(/sites/default/files/uploads/2013/05/planned_parenthood_sign.jpg)The list of categories included in the IRS’s effort to target conservative groups seeking tax-exempt status continues to widen. On Wednesday, the Thomas More Society, a Chicago-based public interest law firm, announced that cases they handled “demonstrate the agency’s abuse of pro-life organizations in addition to those identified as ‘tea party’, ‘patriot’, or ‘government spending’ groups.” Meanwhile, years of high-profile election involvement from the abortion advocacy group Planned Parenthood have gone unaddressed, including the group’s highly public campaigning against Wisconsin Gov. Scott Walker in the recall election of 2012.
Two cases the Thomas More Society handled are particularly egregious. In the case of the Coalition for Life of Iowa, approval of their application for tax-exempt status was withheld. In a June 6, 2009 phone call to the group’s leaders, an IRS agent identified as “Ms. Richards” allegedly told them to send a letter to the agency signed by the entire board–under perjury of the law–stating that they do not picket or protest, or organize other groups to picket or protest outside of any Planned Parenthood clinic. The agent said that when the IRS received that letter, they would grant approval of the group’s tax-exempt status.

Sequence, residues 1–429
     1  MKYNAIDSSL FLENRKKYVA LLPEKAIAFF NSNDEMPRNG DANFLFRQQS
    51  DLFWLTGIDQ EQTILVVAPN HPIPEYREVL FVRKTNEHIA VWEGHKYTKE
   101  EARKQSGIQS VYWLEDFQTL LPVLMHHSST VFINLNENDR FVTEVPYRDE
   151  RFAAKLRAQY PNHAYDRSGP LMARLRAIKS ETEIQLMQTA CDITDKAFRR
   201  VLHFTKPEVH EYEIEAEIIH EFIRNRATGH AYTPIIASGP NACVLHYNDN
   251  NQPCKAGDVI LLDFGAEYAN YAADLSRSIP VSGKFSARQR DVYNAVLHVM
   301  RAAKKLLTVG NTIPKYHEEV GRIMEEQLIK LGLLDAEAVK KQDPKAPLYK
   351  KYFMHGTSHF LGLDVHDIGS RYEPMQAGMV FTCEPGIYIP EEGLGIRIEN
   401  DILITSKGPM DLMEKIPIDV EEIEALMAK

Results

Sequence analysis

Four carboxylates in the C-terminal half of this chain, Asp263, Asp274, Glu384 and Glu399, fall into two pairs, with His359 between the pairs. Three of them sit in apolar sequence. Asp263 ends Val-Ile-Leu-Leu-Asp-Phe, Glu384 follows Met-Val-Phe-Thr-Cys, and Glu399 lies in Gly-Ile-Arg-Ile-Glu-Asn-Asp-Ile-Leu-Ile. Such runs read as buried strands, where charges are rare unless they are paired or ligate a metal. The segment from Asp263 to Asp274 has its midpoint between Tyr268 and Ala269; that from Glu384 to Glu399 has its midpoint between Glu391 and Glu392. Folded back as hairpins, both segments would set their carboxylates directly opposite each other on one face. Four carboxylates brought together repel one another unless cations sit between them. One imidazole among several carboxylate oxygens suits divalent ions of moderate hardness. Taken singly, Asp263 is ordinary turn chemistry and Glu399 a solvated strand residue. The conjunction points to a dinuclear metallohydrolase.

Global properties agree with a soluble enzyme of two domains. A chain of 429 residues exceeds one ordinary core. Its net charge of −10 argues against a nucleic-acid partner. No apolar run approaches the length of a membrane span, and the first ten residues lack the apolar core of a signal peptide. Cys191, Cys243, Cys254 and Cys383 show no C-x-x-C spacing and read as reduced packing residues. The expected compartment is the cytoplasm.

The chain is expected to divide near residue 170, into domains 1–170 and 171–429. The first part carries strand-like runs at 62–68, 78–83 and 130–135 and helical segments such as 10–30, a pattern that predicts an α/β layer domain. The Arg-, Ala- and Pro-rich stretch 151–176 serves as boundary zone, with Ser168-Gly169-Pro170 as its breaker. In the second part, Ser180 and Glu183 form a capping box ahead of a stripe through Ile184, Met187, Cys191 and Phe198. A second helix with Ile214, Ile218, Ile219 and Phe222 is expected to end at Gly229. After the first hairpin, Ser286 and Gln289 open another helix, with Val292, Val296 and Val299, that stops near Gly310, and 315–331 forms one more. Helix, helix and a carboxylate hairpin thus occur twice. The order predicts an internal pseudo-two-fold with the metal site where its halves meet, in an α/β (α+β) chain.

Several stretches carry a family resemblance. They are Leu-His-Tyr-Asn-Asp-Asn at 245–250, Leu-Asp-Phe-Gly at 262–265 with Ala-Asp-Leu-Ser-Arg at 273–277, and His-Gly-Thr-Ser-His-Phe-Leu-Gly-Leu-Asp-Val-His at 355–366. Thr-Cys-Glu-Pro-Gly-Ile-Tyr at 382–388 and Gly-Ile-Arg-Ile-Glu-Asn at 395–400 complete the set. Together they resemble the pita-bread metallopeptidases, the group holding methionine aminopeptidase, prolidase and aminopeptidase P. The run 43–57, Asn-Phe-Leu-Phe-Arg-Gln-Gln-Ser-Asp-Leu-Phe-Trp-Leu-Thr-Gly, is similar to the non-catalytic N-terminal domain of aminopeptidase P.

Yet the IRS continued to send the group letters, asking for more invasive information. That prompted Thomas More Society special counsel Sally Wagenmaker to send a letter to the IRS demanding an immediate granting of tax exempt status.
Wagenmaker expressed concerns about “the IRS’s disturbing ability” to thwart legitimate applicants in a variety of ways. These included sending them lengthy questionnaires and making wrong citations of applicable law, as they did with Coalition for Life of Iowa. Wagenmaker noted that the purpose behind these efforts was to effectively prevent groups that possessed neither the necessary fortitude, or access to legal advocates, from exercising their constitutional freedoms.
“The IRS’s role should only be to determine whether organizations fit the section 501©(3) test for ‘charitable, religious, or educational’ qualification, not to inquire about the content of prayers, protests, and petitions,” Wagenmaker said. “It’s high time that the IRS be called to account for its workers’ potential to trample on our constitutional rights, through such ostensibly innocuous means…what the Ways and Means committee will discuss may only be the tip of the iceberg of IRS abuses.”
In the case of Christian Voices for Life, the IRS withheld approval of the Fort Bend County, Texas, organization’s tax-exempt status, allegedly questioning their involvement with “40 Days for Life” and “Life Chain” events. The group was also subjected to ”repeated and lengthy unconstitutional requests for information about the viewpoint and content of its educational communications, volunteer prayer vigils, and other protected activities,” reported the Society.